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Jonathan Townsend
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Quote:
On 2006-06-19 10:59, Bonnie Kids-A wrote:...I think it is ethical. Because while you are thinking about the method, you can come up with some new moves or effects. And these new moves can make magic better than it is today. It even improves your creativity, so you can create new effects!...


If I see your house, and think of a better way to decorate and live in it, do you mind if I have the construction crew over?

if not, then please explain how you wish to distinguish between private property and IP which is private?

If that's just too much to bear at this time, consider your credit card info. Let's say I have it and think I can spend your money better. Any problems there?

As long as you stay clear of my property (person, property and IP) I will stay clear of yours. But I will alert my friends that you have issues and leave them to do as they please.

Remember, good ideas are quite scarce. There is no shortage of people. Let's be wary of the law of supply and demand.

To close this on a positive note, if you like somebody's idea, you can support them by buying their work. If you are not so well funded as to be able to afford their work, perhaps you could just write to them and let them know what you'd like to do. They may choose to help you simply because you asked.
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abc
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Jonathan is right except I don't like the examples and that is what makes this a difficult problem to discuss.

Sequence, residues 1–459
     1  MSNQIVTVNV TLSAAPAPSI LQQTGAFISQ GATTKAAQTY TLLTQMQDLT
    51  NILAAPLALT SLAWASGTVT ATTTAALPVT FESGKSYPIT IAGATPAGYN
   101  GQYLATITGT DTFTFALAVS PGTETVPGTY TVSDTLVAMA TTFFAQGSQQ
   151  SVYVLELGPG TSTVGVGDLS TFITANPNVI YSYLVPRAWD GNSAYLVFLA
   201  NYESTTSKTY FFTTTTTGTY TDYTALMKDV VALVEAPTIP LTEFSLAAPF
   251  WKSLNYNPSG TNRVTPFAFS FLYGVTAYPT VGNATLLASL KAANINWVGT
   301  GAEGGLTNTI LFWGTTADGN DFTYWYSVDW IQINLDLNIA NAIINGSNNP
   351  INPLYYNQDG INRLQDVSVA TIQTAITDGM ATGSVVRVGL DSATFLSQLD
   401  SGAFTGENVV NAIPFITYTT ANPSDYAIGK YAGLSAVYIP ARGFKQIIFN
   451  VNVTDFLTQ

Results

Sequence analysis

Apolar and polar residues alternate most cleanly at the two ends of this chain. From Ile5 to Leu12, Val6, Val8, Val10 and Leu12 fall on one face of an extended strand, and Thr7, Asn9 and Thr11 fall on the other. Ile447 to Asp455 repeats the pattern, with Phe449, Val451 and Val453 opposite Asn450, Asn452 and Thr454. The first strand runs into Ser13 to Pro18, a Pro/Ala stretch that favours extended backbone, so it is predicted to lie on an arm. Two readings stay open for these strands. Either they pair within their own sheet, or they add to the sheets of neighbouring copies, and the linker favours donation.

As for the house you may not have your crew over but if you think of how to incorporate what you see in my house into yours and change it would you consider that stealing? Even if you don't change it. Yes if it was designed by an architect that has his design rights protected legally but if they are not protected you have to consider the ethical implications which are not governed by the law. This is why this is such a difficult discussion.
The Bonnie Kids
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Abc,
I do not really understand.... Do you mean that I am arrogant or not? and also I do not understand why should people explode on what I said.
Maybe my English is too poor at that level, but please try to explain you in other words..

For you rinformation:
I AM COPIED EVERYDAY!

Not only in magic, but also in the "normal" life.
What is the solution I found? When people copy me, they are already late, because I have already invented something new.
Of course this is also cause of frustration for me, because I do not like to be copied as very few people give me the credit.

But let's remain in magic: I do not want to be arrogant, I want to understand. If I see a magician presenting a trick in a nice way, can I do it also or before starting the show I should mention him? Or should I ask him permission to present the trick?
Please tell me, just try to answer this question.

You understand I am in disagreement with that, as I see it "against the art". How could the art evolve with such barrieers?